DUBLIN'S Civil Rights march, held to demonstrate solidarity with the Newry march, ended in violence on Saturday when marchers and Gardaí fought a 15-minute pitched battle near the British Embassy in Merrion Square and later clashed again at a meeting in Middle Abbey Street.
Flashpoint for the violence was the Embassy where the marchers, about 600 strong, came face-to-face with a cordon of Gardaí ringing the approach to the Embassy. There march organiser Basil Miller called for a sit-down protest but a group of about 30 young men, who had marched behind the banner of the Young Socialists, surged forward and attempted to break through the cordon.
The Garda cordon, about 200 in number, stood firm and the violent group, chanting "Gardaí -- R.U.C.", were then set upon by marshals and organisers preaching non-violence. Undeterred and ignoring the appeal to retreat, the group renewed their attacks and a fist-fight with Gardaí ensued. This lasted for about ten minutes.
At one stage the Garda cordon was fronted by a cordon of the march organisers and marshals but the latter soon retreated as they came under fire also.
Organiser Basil Miller told the fighting mob: "This is a Civil Rights march, not a slagging match. If you use any violence you will discredit the Newry march."
He was promptly set upon by a youth who had removed his heavy boots to use as cudgels against the cordon, but the youth was quickly surrounded and beaten to the ground.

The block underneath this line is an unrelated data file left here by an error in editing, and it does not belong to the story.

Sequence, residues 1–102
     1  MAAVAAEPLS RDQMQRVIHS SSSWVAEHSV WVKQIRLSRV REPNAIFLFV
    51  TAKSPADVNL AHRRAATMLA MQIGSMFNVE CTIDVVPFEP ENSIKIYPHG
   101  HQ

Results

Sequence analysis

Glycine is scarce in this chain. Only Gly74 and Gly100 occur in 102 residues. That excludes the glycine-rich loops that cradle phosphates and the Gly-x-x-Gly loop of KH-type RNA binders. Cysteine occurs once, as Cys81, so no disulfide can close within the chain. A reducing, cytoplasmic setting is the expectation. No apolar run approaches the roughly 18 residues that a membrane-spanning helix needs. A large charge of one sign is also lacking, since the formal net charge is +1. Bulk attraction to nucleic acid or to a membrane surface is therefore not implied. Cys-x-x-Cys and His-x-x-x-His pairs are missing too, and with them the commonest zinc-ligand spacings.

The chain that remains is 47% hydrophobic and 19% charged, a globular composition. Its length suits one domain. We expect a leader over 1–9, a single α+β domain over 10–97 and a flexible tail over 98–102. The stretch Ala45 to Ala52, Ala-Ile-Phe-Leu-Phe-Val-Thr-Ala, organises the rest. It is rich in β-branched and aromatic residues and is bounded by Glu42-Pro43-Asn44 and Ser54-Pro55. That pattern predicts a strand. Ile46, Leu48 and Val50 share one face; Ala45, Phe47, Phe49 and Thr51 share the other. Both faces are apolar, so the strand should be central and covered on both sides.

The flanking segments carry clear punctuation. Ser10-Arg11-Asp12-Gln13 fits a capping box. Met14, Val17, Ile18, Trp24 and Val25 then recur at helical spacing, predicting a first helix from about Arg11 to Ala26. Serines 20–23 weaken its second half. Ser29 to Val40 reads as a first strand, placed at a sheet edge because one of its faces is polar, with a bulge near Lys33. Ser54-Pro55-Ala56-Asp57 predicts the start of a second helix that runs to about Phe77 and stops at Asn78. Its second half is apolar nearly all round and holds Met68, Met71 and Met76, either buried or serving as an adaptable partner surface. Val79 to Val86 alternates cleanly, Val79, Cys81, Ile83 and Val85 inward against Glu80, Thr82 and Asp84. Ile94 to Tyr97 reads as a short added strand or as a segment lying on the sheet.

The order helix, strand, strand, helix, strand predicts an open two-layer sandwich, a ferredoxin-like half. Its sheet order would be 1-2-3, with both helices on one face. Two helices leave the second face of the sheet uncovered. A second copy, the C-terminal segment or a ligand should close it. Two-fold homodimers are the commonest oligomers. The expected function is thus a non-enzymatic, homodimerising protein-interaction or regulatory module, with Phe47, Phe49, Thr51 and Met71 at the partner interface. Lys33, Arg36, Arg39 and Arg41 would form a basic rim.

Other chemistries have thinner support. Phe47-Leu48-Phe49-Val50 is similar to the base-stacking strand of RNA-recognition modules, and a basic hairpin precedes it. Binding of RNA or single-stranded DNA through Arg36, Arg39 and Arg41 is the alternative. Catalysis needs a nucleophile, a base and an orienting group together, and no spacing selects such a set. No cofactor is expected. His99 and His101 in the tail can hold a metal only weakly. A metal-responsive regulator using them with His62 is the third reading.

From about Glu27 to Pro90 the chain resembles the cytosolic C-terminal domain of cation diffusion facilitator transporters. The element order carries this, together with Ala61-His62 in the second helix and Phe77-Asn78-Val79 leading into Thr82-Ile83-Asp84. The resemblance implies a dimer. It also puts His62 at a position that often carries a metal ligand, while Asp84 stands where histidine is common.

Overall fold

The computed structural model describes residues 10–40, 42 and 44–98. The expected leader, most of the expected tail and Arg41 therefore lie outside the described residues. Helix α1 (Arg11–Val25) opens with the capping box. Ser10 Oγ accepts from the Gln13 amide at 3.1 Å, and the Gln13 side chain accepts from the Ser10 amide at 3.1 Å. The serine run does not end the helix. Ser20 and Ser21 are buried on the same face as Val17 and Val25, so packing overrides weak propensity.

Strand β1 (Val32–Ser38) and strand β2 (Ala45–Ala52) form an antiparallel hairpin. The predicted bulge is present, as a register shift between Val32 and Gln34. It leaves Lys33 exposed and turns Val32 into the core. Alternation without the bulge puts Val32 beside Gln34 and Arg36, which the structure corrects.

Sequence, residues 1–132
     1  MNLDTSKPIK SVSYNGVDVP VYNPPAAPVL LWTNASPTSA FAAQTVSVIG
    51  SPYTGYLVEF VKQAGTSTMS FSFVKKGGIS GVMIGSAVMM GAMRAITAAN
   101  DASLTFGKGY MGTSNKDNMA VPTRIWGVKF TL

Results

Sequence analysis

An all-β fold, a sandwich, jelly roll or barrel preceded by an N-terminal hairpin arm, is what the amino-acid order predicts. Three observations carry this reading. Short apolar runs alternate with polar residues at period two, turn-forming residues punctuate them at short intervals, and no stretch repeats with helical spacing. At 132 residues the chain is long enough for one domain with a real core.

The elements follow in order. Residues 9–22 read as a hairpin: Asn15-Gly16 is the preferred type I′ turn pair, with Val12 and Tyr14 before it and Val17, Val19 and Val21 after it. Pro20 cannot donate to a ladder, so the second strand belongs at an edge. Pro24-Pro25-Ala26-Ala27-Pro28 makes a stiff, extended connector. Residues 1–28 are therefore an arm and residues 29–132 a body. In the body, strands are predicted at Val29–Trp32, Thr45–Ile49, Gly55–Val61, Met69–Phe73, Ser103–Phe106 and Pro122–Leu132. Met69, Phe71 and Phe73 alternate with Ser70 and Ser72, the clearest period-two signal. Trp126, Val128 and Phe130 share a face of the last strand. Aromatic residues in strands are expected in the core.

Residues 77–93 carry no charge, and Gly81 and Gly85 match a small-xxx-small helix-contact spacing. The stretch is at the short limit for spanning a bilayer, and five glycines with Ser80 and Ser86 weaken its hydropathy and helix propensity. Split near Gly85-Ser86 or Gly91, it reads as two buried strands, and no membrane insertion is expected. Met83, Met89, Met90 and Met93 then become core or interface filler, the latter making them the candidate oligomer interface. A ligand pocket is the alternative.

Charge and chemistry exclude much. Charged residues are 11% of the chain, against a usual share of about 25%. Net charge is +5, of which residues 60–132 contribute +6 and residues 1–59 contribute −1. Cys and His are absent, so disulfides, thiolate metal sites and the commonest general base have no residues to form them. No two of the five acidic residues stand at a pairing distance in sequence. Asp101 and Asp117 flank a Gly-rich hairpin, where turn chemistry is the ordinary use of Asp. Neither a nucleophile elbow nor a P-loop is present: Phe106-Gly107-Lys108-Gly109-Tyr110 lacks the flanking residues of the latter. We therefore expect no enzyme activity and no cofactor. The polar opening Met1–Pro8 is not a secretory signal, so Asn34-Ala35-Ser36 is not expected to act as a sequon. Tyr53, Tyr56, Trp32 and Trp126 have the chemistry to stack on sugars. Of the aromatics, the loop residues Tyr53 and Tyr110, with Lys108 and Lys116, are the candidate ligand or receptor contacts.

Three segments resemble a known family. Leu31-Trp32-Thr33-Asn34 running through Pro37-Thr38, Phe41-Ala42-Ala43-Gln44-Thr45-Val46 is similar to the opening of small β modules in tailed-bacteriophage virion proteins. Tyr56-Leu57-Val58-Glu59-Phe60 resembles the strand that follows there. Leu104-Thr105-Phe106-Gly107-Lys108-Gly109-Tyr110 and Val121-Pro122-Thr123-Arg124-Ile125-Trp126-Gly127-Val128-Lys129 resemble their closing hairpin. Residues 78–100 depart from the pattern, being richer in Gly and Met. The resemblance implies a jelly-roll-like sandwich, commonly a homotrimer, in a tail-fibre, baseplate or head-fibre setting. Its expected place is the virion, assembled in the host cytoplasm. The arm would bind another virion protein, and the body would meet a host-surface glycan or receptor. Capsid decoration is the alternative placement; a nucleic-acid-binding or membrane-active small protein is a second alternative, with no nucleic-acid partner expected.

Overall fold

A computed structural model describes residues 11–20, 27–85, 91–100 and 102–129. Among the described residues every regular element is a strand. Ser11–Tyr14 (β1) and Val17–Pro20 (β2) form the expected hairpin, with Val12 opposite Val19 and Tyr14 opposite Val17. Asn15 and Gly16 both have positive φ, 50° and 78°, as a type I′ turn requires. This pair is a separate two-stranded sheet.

The Young Socialists group were obviously bent on creating trouble. During the march from Parnell Square they had been towards the rear of the parade, but when the marchers reached the Embassy they rushed to the front ranks and attacked the cordon.
One of them grabbed the crowd hailer from Mr. Miller and urged the marchers to charge the gardaí. "There's no difference between them and the R.U.C. They will be enforcing the Criminal Justice Baill against people like us if it becomes law," he urged before he was overpowered.
Before the outbreak of the violence a two-man deputation had been allowed through the cordon to register with officials their protest against the behaviour of the RU.C. during the Civil Rights march to Derry last week-end.
When the march was eventually re-started the organisers decided not to proceed to the Department of the Taoiseach in Merrion Street where they had planned to hold a protest meeting. Instead they returned to the city centre and joined a meeting of the Dublin Housing Action Committee in Middle Abbey Street.
The march was organised by the Students for Democratic Action and its aim was to draw attention "to the lack of civil rights in the Republic". Students and young workers took part in the march, which ignored the conventional route through O'Connell St., Dawson St., and St. Stephen's Green. Instead they marched via Gardiner St., Sean MacDermot St., Corporation Place, Towsend St., and Westland Row to Merrion Square. "It is the people through whose areas we marched that really need civil rights", explained one of the march organisers.